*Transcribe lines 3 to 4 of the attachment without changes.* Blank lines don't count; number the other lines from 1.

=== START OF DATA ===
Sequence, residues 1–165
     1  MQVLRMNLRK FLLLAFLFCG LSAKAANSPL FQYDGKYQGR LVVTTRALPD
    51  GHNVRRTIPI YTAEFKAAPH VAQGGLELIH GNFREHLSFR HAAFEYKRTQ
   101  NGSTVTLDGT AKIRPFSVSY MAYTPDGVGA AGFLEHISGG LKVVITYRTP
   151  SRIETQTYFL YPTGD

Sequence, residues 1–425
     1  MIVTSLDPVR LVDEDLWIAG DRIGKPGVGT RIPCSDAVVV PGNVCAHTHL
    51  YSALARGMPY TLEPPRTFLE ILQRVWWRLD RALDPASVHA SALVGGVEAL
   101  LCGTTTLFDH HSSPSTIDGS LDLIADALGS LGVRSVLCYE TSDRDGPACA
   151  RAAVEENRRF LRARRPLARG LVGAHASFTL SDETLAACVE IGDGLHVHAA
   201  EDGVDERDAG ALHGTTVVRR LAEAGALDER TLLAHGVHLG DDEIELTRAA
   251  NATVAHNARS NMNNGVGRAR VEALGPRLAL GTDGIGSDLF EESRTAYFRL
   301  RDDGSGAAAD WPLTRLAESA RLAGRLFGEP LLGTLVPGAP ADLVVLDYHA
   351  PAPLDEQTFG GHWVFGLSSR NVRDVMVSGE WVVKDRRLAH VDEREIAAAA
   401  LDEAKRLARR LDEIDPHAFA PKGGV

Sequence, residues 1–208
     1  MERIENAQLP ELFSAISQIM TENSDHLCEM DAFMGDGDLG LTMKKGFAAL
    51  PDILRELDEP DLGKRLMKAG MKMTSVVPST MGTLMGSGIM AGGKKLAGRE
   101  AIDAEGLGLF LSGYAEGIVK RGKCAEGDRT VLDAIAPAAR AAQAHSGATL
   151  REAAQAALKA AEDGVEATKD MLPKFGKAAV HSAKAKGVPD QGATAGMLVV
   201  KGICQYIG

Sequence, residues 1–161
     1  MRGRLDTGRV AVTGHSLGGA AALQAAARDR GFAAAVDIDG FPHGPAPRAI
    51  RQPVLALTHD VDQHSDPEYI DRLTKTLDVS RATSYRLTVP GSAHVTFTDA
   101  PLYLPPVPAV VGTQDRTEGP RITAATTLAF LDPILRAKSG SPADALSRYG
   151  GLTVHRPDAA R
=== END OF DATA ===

    51  GHNVRRTIPI YTAEFKAAPH VAQGGLELIH GNFREHLSFR HAAFEYKRTQ
   101  NGSTVTLDGT AKIRPFSVSY MAYTPDGVGA AGFLEHISGG LKVVITYRTP